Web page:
Plutarch. Plutarch's Lives of the Noble Grecians and Romans
Englished by Sir Thomas North. Trans. Sir Thomas North. Vol. 6 (1579; London: David Nutt, 1896) 202.

MARCUS    of the people were a litle asswaged. The which they hoped 
BRUTUS    would be quickly, considering that they had to deale with a  
    fickle and unconstant multitude, easye to be caried, and that 
    the Senate stoode for them: who notwithstanding made no 
    enquiery of them that had torne poore Cinna the Poet in 
    peeces, but caused them to be sought for and apprehended, 
    that went with fire brands to set fire of the conspirators 
    houses. The people growing weary now of Antonius pride 
    and insolency, who ruled all things in manner with absolute 
    power: they desired that Brutus might returne againe, and 
    it was also looked for, that Brutus would come him selfe in 
    person to playe the playes which were due to the people, by 
    reason of his office of Praetorship. But Brutus understanding 
    that many of Caesars souldiers which served under him in the 
    warres, and that also had lands and houses given them in the 
    cities where they lay, did lye in wayte for him to kill him, and 
    that they dayly by small companies came by one and by one 
    into Rome: he durst no more returne thither, but yet the 
Brutus playes    people had the pleasure and pastyme in his absence, to see 
and sportes at    the games and sportes he made them, which were sumptu- 
Rome in his    ouslie set foorth and furnished with all thinges necessarie, 
absence.    sparing for no cost. For be had bought a great number of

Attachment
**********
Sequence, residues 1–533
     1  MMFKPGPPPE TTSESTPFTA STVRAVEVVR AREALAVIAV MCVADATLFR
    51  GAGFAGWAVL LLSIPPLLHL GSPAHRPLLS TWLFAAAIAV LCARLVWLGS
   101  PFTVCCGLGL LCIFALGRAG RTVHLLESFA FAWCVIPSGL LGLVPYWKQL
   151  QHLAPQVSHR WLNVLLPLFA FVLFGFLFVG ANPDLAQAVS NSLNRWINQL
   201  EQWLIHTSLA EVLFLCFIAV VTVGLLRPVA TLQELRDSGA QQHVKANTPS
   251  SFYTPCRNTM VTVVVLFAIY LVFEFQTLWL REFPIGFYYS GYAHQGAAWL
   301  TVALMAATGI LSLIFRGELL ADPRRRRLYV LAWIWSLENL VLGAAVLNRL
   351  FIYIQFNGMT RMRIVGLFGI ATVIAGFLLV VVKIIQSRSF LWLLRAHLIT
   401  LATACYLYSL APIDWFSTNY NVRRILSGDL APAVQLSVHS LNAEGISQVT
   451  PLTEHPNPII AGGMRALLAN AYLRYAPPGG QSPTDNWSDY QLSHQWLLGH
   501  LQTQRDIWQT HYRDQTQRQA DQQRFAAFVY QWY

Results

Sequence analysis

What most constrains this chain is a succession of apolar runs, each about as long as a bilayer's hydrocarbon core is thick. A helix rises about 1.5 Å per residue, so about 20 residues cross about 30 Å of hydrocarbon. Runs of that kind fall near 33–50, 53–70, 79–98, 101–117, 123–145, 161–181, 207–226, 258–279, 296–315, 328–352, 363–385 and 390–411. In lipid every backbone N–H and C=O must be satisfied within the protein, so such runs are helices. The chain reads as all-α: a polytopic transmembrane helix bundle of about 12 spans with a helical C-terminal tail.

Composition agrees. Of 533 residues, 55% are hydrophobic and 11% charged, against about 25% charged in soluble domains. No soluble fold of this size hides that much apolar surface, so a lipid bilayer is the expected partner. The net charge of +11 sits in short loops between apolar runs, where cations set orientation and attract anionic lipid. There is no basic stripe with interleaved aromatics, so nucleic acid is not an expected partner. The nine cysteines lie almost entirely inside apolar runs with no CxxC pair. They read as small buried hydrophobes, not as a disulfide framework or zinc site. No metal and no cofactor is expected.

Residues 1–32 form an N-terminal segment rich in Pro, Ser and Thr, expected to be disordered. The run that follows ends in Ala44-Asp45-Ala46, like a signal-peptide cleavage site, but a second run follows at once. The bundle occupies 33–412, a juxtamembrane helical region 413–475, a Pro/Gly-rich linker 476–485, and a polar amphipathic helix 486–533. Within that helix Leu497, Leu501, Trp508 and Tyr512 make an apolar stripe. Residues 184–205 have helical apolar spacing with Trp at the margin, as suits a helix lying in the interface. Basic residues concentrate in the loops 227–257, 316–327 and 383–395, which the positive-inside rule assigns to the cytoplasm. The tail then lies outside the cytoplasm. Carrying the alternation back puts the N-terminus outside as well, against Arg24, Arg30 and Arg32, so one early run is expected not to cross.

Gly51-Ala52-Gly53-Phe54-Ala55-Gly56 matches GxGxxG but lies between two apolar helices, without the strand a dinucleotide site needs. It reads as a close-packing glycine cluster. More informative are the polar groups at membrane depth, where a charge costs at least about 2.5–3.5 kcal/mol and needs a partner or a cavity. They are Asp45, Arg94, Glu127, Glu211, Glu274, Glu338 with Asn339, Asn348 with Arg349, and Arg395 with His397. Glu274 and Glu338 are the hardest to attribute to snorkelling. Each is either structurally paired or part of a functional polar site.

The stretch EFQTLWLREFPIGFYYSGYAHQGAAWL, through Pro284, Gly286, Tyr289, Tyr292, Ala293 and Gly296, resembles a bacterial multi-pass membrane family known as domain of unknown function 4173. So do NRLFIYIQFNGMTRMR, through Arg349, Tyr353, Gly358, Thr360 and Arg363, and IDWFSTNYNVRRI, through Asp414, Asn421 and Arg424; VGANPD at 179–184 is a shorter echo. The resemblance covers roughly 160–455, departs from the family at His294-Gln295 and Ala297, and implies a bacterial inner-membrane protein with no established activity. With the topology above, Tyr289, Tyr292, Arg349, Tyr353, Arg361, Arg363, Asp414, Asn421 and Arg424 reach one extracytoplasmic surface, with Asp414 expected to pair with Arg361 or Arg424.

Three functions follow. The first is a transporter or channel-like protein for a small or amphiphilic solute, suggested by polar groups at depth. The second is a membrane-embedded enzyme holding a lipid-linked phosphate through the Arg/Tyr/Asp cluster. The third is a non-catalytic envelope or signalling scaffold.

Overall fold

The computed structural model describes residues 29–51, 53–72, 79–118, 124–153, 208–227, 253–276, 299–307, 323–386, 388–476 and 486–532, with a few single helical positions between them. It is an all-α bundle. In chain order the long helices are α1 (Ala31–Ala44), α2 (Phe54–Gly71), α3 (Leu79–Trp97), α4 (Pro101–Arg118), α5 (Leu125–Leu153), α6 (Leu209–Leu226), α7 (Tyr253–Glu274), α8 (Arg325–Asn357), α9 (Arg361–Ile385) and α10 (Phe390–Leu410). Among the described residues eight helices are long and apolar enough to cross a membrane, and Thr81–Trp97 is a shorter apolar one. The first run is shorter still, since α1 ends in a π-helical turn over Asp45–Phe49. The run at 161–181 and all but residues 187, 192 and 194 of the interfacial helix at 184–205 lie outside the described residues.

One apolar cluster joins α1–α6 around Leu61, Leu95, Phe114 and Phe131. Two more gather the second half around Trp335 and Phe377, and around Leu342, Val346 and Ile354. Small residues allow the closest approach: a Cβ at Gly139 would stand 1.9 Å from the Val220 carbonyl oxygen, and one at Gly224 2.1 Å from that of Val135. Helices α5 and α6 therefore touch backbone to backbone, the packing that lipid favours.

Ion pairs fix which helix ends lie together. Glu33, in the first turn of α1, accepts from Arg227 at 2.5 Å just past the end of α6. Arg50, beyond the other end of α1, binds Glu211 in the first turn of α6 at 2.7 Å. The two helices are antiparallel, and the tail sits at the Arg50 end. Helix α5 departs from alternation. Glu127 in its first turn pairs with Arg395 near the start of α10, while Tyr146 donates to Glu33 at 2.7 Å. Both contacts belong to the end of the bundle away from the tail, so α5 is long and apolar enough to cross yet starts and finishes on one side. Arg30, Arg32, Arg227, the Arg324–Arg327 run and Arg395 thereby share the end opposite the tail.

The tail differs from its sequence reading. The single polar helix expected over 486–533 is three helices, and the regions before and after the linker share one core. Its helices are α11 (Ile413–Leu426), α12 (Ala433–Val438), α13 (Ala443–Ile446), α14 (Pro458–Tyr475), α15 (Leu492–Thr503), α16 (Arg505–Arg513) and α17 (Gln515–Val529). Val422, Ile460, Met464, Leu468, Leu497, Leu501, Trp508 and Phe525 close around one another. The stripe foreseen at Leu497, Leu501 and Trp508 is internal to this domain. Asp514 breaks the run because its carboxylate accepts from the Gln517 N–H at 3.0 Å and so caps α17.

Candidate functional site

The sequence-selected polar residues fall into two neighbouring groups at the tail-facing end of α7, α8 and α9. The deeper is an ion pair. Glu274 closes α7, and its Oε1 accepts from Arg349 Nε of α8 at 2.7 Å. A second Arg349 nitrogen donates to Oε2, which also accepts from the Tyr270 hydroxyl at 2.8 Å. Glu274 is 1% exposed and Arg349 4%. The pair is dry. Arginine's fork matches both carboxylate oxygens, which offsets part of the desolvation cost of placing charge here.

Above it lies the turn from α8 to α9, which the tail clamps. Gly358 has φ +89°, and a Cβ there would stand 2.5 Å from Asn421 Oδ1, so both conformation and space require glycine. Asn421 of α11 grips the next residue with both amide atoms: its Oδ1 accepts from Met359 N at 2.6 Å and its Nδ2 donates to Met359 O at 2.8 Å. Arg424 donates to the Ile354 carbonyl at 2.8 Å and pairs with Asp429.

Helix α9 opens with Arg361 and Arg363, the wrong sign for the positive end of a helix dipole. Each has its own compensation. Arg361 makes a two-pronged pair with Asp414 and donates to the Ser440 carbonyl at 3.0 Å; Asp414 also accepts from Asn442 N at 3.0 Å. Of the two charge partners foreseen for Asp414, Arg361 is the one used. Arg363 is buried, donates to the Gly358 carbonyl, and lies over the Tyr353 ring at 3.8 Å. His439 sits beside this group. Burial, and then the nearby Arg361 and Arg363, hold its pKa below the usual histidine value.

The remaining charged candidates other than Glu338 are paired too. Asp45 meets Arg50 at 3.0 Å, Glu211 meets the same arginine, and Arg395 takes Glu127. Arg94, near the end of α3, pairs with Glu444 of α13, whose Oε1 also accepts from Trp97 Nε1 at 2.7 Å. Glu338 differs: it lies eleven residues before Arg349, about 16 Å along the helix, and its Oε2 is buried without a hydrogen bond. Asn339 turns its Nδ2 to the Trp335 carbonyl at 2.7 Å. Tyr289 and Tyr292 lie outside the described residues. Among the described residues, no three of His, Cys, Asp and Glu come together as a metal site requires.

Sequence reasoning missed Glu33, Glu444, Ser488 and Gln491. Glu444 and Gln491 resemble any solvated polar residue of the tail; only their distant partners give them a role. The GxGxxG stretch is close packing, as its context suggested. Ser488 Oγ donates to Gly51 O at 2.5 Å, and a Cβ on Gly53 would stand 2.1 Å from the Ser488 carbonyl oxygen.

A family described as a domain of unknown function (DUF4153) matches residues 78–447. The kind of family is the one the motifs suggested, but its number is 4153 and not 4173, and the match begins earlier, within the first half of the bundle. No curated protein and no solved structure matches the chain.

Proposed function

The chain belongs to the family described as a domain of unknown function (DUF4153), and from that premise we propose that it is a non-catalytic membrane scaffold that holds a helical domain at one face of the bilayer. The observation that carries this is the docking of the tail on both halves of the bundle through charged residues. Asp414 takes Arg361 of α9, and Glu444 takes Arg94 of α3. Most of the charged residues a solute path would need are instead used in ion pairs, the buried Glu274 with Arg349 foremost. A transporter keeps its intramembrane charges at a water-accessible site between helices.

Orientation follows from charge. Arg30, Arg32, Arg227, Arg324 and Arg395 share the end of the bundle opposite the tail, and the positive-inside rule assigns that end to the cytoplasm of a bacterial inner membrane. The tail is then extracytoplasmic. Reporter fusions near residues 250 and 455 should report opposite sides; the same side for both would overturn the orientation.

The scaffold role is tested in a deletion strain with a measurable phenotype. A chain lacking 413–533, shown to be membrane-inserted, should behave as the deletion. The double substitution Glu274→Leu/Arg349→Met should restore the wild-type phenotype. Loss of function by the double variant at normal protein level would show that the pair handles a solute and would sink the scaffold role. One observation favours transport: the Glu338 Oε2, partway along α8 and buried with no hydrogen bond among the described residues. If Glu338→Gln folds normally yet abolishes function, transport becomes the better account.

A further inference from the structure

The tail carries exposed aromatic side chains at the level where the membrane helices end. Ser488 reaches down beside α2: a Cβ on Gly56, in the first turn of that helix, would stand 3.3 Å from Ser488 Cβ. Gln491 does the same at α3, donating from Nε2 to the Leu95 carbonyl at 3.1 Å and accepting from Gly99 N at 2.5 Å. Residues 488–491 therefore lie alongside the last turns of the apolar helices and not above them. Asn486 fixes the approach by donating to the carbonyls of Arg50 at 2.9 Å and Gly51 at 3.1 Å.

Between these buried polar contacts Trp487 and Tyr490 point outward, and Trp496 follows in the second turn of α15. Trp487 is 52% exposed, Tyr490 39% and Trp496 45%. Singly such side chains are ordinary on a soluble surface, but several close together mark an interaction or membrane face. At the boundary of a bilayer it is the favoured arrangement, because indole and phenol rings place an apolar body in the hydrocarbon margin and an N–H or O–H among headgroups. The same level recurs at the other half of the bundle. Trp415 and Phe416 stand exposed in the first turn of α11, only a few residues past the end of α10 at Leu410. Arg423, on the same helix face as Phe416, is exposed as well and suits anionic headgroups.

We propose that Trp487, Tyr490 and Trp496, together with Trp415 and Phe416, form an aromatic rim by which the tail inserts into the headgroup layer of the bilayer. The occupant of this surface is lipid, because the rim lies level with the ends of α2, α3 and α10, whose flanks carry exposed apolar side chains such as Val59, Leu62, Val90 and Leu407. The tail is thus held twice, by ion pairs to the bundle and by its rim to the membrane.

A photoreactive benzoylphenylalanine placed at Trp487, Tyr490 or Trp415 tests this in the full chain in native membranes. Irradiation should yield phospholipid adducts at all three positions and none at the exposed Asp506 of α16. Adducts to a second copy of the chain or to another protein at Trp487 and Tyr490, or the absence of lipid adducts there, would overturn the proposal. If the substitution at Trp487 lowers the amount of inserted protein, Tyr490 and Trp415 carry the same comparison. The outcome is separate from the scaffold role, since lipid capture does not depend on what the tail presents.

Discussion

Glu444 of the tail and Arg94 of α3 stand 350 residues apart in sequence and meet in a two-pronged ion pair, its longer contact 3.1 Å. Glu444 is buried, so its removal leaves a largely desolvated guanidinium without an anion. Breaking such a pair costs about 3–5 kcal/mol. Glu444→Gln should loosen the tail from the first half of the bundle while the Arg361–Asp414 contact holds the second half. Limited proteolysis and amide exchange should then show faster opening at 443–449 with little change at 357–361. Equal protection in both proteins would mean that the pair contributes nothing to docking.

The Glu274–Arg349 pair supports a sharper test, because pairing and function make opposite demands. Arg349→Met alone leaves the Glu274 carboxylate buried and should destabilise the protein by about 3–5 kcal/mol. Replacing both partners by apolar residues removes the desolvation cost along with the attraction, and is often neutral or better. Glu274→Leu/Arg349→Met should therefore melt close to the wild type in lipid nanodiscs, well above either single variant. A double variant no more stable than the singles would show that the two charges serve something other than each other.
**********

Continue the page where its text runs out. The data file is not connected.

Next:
straunge beastes, of the which he would not geve one of them 
    to any friende he had, but that they shoulde all be employed 
    in his games: and went him selfe as farre as Byzantium, to 
    speake to some players of comedies and Musitions that were 
    there. And further he wrote unto his friends for one Canu- 
    tius an excellent player, that whatsoever they did, they 
    should intreate him to play in these playes: For, sayd he, 
    it is no reason to compell any Graecian, unles he will come 
    of his owne good will. Moreover, he wrote also unto Cicero, 
    and earnestly prayed him in any case to be at these playes. 
    Now the state of Rome standing in these termes, there fell 
    out an other chaunge and alteracion, when the younge man 
Octavius    Octavius Caesar came to Rome. He was the sonne of Iulius 
Caesars com-    Caesars Nece, whome he had adopted for his sonne, and made 
ming to    his heire, by his last will and testament. But when Iulius 
Rome.    Caesar his adopted father was slayne, he was in the citie of 
    Apollonia, where he studied tarying for him, bicause he was